Giddy Up! It's The Year Of The Horse


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On Friday, January 31st, 2014, more than a billion people of Chinese origin will usher in the first day of the year 4712. Known as the Lunar New Year or Spring Festival, it marks the beginning of the longest and most significant of all Chinese festivals. As the name indicates, the four-thousand-year-old tradition whose date is determined by the lunar calendar, began as a way to mark the end of the dreary winter season and the beginning of spring.

The fifteen-day celebration that ends on February 14th, signifies a fresh start of life and is celebrated in many ways - By patching up with foes, spring cleaning the home and business and even revamping the wardrobe. Red, which symbolizes fire and is believed to ward off bad luck and keep evil spirits at bay, is the color of choice for everything, ranging from clothing to the lanterns used to adorn homes. Also customary is hanging chun lians or spring couplets containing happy messages about the future. But the best tradition of all is elders gifting red envelopes filled with money, to the younger members of the household.

As is the case with all Asian festivals, food plays an important part in the celebrations. Chinese New Year meals are delectable feasts, one in which each item signifies something special. Long uncut noodles represent a long life, while a whole chicken symbolizes family togetherness. Dumplings (which resemble ingots, an ancient Chinese currency) and spring rolls (which look like gold bars), represent wealth and prosperity.

The New Year celebrations end on the day of the full moon with a Lantern Festival. To commemorate the occasion, people visit the temple to hang lanterns and also participate with them in parades. The highlight of the celebrations is the dragon dance where men and women holding up a colorful dragon made from silk and paper, parade through the streets.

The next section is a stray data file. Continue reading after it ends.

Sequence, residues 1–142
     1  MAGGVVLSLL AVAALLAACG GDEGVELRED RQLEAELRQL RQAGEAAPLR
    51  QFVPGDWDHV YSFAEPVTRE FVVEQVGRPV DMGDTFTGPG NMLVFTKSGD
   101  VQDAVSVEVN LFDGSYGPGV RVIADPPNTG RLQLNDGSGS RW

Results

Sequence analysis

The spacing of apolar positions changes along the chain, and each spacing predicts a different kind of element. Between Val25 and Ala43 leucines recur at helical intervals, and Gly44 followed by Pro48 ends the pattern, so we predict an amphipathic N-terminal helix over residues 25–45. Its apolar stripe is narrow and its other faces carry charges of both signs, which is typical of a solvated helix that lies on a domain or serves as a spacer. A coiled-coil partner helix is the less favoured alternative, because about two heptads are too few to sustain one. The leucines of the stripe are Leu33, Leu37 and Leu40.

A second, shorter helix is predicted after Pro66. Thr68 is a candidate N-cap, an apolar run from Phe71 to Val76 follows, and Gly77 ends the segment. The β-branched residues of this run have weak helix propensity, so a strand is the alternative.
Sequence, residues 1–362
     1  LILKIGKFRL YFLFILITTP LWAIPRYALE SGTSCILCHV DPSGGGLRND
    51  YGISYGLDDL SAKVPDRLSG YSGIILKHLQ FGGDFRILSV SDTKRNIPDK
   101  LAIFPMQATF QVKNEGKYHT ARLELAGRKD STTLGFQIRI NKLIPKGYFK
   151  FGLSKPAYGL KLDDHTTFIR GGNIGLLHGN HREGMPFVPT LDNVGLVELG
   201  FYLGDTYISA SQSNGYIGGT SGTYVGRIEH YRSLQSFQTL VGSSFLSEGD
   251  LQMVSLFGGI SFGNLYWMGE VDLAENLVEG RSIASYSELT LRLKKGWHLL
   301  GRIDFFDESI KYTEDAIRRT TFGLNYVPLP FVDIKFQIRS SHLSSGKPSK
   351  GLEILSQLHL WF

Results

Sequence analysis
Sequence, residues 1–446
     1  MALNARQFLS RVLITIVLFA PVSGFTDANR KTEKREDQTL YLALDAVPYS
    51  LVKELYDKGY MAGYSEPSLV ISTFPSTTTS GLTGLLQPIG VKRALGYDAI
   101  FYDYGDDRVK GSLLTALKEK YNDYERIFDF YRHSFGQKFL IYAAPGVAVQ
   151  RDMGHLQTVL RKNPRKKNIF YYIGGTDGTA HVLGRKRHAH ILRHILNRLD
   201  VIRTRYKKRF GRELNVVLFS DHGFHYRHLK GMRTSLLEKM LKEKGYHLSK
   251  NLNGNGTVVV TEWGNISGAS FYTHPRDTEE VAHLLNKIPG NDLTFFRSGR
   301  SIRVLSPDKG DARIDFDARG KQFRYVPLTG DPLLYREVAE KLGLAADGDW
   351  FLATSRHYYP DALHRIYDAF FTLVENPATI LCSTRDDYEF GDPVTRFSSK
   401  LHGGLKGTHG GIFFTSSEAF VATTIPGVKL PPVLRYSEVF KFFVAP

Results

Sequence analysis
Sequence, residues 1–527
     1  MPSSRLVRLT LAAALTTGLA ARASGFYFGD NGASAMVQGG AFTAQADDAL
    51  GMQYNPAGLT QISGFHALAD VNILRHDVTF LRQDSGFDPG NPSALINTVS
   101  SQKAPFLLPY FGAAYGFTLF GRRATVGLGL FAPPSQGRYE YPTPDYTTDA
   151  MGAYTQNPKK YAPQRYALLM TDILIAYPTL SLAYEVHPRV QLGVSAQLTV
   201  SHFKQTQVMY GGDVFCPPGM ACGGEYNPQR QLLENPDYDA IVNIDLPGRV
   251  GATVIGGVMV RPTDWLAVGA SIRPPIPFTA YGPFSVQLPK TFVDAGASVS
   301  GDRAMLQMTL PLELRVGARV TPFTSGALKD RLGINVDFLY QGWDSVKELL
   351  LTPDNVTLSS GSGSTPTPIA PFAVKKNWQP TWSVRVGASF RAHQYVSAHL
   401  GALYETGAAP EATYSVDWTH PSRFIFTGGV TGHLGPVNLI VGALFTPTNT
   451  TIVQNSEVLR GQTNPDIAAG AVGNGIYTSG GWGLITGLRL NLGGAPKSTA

Another fun tradition is naming each year after a different animal (a cycle that repeats every 12 years). Legend has it that when Lord Buddha was alive, he called all the animals to celebrate the New Year with him - Only twelve came. He named a year after each one and said the people born in that year, would demonstrate the traits of that particular animal.

2014 is the Year of the Horse, which includes anyone born in 1906, 1918, 1930, 1942, 1954, 1966, 1990 & 2002. People born under this animal sign are energetic, cheerful, popular, talented and enjoy entertaining. They like to succeed and don't do too well when they fail at any task. They are also extremely independent and do not believe in asking for advice or help. As a result, even a slight setback results in bouts of bad temper.

The Chinese also believe that the animal has some influence on how the year will go for the world in general. The Year of the Horse is expected to bring general health and prosperity. It apparently is also a good year to travel to new destinations and mingle with the locals.

Though commonly known 'Chinese New Year', the day is also celebrated in neighboring Asian countries like Thailand and Singapore. In Vietnam, the new year is called 'Tet' and while the traditions are similar, the celebrations last for just seven days.

Xin Nian Kuai Le! (Happy New Year)


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